LONG BEACH MEMORIAL MEDICAL CENTER, d/b/a Memorialcare Long Beach Medical Center & MemorialCare Miller Children's and Women's Hospital Long Beach, Petitioner v. NATIONAL LABOR RELATIONS BOARD, Respondent California Nurses Association/National Nurses United, Intervenor
This petition for review and cross-application for enforcement of a National Labor Relations Board order were presented to the court and briefed and argued by counsel. The court has accorded the issues full consideration and has determined that they do not warrant a published opinion. See D.C. Cir. R. 36(d). It is
ORDERED AND ADJUDGED that the petition for review be denied, the Board’s cross-application for enforcement be granted, and the petitioner’s motion to supplement the record be denied.
The Board concluded that petitioner Long Beach Memorial Medical Center violated 29 U.S.C. § 158(a)(1) by maintaining two overly broad workplace insignia rules. Long Beach Memorial Med. Ctr., Inc., 366 N.L.R.B. No. 66 (2018). The first rule, part of Long Beach’s Dress Code and Grooming Standards, directs that “[o]nly [hospital] approved pins, badges, and professional certifications may be worn.” The second, part of the Appearance, Grooming and Infection Prevention Standards for Direct Care Providers, directs that identification “[b]adge reels may only be branded with [hospital] approved logos or text.” The Board ordered Long Beach to rescind the rules or else revise them to conform with applicable law.
We may not consider Long Beach’s central argument in this appeal: that the Board should have applied the framework set out in Boeing Co., 365 N.L.R.B. No. 154 (2017). Under section 10(e) of the National Labor Relations Act, we lack jurisdiction over any “objection that has not been urged before the Board ․ unless the failure or neglect to urge such objection shall be excused because of extraordinary circumstances.” 29 U.S.C. § 160(e). The Board’s decision in Boeing issued four months before its decision in this case. Long Beach therefore had time enough to raise Boeing’s applicability in supplemental briefing before the Board issued its decision here or in a motion to reconsider afterward. Long Beach did not raise the issue then, so it may not do so now. Id.; accord HTH Corp. v. NLRB, 823 F.3d 668, 673 (D.C. Cir. 2016). Long Beach argues that a motion for reconsideration would have been futile because “the applicable law to this matter changed during the Board’s review of the Judge’s decision.” Reply Br. 8.1 Asking an adjudicator to apply newly decided law in a pending case is hardly futile: it is a routine practice in the federal courts of appeals, for example. See Fed. R. App. P. 28(j), 40(a)(2). Even if Long Beach would have faced “an uphill battle,” a motion for reconsideration based on intervening law would not have been “clearly doomed.” Ga. State Chapter Ass’n of Civilian Technicians v. FLRA, 184 F.3d 889, 892 (D.C. Cir. 1999). The section 10(e) bar therefore applies to Long Beach’s Boeing arguments.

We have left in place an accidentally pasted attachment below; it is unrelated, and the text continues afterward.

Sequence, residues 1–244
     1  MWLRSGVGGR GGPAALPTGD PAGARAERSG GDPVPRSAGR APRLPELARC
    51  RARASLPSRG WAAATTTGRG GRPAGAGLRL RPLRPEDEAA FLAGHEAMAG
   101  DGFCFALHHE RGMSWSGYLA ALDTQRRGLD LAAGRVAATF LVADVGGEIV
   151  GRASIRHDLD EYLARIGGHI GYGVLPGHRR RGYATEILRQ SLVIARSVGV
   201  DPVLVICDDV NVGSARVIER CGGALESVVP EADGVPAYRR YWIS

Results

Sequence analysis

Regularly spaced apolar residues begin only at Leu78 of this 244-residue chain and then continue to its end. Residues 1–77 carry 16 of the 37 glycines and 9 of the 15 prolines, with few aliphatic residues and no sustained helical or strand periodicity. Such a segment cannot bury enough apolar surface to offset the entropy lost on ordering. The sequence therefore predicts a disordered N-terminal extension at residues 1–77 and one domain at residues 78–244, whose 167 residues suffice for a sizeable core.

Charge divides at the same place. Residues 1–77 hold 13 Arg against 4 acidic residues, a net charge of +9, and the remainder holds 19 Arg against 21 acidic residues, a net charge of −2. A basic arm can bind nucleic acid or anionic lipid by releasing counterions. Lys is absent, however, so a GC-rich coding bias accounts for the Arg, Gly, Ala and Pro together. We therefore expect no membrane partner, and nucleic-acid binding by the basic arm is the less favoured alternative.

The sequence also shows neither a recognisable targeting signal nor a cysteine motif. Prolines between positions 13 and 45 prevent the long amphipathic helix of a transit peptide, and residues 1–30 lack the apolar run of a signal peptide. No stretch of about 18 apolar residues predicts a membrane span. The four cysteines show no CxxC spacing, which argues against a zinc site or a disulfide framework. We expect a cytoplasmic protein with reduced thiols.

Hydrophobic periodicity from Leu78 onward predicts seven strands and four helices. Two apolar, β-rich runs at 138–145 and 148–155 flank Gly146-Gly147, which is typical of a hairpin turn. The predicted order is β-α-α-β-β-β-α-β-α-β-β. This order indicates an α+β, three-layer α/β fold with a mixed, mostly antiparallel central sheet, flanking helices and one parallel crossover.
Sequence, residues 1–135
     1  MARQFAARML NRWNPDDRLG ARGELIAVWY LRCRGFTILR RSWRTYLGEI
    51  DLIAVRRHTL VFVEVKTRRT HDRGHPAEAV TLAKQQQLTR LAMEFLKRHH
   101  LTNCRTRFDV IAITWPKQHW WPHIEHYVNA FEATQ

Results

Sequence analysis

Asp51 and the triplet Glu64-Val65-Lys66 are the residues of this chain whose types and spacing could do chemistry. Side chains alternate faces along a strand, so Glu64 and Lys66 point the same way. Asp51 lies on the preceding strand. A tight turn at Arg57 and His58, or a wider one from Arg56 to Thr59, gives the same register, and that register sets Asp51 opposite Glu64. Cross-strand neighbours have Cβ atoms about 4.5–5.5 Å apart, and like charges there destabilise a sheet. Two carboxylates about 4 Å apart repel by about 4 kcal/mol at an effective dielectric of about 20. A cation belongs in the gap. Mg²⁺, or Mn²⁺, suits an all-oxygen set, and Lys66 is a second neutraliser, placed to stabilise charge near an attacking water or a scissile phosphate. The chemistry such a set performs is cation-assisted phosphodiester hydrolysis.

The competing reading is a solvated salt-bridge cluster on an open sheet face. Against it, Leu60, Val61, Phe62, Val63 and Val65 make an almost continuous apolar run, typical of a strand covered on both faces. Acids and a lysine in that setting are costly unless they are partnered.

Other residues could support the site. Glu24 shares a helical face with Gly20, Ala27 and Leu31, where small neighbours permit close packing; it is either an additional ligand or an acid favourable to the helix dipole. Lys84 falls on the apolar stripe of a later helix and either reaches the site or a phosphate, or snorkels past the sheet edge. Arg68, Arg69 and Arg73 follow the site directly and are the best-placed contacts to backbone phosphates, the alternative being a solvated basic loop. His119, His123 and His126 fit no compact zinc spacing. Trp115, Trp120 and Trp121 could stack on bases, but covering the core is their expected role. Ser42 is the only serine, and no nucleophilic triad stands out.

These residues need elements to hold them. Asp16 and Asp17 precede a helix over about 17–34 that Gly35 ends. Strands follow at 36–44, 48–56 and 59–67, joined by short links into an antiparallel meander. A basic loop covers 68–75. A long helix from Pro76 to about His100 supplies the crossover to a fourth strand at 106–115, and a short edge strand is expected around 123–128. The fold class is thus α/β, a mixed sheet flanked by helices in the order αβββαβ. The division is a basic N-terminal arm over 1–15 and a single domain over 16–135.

The Board presumes that workplace rules prohibiting insignia are invalid absent special circumstances. See, e.g., HealthBridge Mgmt., LLC v. NLRB, 798 F.3d 1059, 1067 (D.C. Cir. 2015). In the healthcare setting, there is an exception to this presumption for rules that apply only to “[i]mmediate patient care areas,” such as “patients’ rooms, operating rooms, and places where patients receive treatment, such as x-ray and therapy areas.” Id. at 1068 (quoting NLRB v. Baptist Hosp., Inc., 442 U.S. 773, 780, 99 S.Ct. 2598, 61 L.Ed.2d 251 (1979)).2 We see no error in the Board’s application of the presumption in this case. Neither of the hospital’s rules contains language restricting its application to patient care areas. Although the badge-reel rule applies only to direct-care providers, it contains no restriction about where in the hospital it applies.